2. The difference in assuming the validity of foundational beliefs and assuming god without evidence, is a matter of what is necessary. God is not a mandatory starting point. As an explanation, god is a violation of Occam's Razor, since what can be explained by positing him, is explained better, and more simply, by assuming natural processes.

3. I do not think it is possible to really "know" anything perfectly. This is why I embrace skepticism. It seems to me to be the best method of believing as many true things as possible, and as few false things as possible.

4. Since it has been established by god's superfluous nature that belief in him does not belong as a foundational belief, it belongs in the category of "justified belief". Therefore it is necessary to provide justifications for such a belief, which are rooted in foundational beliefs. This is the primary difference between theistic faith, and assuming foundational beliefs. They are not equal or parallel.

Religion is the sigh of the oppressed creature, the heart of a heartless world, just as it is the spirit of a spiritless situation. The abolition of religion as the illusory happiness of the people is required for their real happiness.

-Karl Marx
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07-09-2014, 06:48 AM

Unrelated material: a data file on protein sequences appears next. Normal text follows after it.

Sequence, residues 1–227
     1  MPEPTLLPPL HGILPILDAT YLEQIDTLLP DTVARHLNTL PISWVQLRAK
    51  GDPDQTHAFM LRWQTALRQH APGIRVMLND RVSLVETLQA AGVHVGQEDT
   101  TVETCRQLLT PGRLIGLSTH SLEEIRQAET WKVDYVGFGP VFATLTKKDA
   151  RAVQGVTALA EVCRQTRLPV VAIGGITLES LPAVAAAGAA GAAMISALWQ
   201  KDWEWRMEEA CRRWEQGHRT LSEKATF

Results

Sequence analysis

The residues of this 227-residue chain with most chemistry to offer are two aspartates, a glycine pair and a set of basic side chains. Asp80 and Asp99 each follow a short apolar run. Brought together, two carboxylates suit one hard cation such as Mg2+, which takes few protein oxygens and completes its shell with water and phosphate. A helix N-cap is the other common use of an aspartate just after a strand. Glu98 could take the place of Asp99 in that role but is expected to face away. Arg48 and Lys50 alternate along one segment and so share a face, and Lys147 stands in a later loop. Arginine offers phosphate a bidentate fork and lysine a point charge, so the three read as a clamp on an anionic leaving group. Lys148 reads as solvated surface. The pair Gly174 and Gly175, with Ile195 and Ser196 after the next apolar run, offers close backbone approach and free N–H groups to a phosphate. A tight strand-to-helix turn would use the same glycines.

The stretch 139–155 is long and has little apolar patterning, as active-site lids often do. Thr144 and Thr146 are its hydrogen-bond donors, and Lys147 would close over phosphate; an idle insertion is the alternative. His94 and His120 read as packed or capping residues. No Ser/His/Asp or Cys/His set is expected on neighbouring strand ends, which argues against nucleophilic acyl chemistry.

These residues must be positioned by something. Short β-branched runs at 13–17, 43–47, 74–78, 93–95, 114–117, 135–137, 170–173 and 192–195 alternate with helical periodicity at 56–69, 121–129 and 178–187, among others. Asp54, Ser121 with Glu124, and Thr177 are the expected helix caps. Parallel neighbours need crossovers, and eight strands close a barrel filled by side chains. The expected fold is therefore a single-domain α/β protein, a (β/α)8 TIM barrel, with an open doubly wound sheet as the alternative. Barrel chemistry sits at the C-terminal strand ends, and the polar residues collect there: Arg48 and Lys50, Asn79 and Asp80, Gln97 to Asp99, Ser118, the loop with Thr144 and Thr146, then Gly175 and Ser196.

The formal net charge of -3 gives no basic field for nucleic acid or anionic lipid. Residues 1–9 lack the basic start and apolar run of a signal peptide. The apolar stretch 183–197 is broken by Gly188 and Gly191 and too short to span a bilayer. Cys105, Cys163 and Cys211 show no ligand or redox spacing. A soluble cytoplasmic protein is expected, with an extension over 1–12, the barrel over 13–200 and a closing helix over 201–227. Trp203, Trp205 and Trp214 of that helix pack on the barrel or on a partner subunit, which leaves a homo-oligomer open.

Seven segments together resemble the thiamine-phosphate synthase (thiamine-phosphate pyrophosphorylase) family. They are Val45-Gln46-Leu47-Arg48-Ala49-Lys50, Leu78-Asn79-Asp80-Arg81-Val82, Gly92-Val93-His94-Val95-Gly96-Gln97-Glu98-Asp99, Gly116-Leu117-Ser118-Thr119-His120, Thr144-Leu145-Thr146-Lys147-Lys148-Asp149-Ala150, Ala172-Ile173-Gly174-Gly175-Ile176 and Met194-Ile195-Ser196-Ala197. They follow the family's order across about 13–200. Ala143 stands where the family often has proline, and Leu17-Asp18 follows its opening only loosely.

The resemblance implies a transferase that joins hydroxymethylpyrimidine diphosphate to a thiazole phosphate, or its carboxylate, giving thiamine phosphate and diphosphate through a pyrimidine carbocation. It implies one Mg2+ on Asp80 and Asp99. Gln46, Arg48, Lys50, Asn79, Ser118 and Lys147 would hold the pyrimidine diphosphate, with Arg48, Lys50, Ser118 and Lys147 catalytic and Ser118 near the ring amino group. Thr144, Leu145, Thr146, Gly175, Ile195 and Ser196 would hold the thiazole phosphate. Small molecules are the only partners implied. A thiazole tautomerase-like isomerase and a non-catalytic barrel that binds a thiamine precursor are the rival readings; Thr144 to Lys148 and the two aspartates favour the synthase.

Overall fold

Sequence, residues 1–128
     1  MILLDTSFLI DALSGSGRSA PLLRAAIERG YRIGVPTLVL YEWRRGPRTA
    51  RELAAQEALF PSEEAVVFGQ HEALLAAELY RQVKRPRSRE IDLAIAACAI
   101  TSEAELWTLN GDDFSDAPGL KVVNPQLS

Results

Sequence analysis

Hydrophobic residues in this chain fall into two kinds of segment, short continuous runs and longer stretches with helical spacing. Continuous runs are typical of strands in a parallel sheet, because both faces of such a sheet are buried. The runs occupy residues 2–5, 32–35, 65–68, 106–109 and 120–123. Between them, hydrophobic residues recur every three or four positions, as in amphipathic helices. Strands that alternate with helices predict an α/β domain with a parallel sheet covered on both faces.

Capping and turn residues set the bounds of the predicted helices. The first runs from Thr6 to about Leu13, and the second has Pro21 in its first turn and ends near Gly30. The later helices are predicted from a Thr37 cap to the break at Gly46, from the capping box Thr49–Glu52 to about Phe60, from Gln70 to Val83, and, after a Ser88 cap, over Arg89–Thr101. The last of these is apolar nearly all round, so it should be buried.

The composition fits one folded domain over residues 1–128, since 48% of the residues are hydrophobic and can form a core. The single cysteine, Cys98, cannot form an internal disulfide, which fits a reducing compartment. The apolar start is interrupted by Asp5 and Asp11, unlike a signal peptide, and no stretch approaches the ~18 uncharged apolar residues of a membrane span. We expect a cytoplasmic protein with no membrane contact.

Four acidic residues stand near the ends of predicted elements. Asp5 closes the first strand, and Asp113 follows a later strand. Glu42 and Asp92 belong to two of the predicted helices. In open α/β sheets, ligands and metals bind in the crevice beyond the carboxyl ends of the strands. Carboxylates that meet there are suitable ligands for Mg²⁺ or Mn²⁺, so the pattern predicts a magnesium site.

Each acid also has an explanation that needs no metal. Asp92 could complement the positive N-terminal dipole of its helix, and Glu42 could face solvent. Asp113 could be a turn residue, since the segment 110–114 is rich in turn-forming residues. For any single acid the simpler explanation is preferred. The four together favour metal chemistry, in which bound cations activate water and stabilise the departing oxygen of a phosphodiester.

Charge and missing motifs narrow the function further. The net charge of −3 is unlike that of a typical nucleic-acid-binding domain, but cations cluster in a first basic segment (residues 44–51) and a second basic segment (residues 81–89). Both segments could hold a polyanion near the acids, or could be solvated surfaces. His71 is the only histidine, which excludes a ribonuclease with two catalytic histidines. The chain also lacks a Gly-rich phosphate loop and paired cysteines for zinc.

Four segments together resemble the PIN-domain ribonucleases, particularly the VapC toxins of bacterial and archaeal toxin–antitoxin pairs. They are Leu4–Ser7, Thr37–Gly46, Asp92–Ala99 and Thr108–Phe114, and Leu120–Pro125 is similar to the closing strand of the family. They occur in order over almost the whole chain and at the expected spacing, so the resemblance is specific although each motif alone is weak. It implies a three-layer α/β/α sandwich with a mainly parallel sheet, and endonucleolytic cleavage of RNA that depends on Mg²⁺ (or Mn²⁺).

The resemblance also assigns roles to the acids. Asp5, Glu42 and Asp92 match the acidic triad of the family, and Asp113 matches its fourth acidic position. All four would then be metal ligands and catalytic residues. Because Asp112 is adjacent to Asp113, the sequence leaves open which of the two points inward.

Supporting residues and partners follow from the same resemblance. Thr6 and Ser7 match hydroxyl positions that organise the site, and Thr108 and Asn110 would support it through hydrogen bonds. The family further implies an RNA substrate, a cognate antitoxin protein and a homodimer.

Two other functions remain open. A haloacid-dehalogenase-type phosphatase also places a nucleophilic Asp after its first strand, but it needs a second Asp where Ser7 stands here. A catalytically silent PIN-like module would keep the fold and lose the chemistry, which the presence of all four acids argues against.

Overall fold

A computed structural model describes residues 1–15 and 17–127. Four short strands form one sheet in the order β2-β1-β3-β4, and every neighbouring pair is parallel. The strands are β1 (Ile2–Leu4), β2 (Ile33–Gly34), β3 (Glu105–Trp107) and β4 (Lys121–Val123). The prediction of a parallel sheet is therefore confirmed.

RE: Questions Regarding Epistemology, Foundationalism and Presuppositional Apology
(02-09-2014 11:25 AM)Dark Phoenix Wrote:  If we are using faith, by choice, to assume the truth of "properly basic beliefs", what is wrong with replacing them with a deity, or regarding them as true only because of a deity?
Because a deity is an arbitrary construct, only one of infinite possible constructs. Arbitrary in the sense that the reasons for constructing a deity have no relationship to the bricks of reason; they derive from desire, not observation.

The other problem with a deity as "brick" in the foundation of reason is that it is more than a brick, it's an entire chapel. Any deity is complex, and can be deconstructed into component characteristics. But those components are poorly defined, or not defined, whereas the premises of sound reason are solid and simple. Again, deities are creations of desire, not observation, so will be subjective.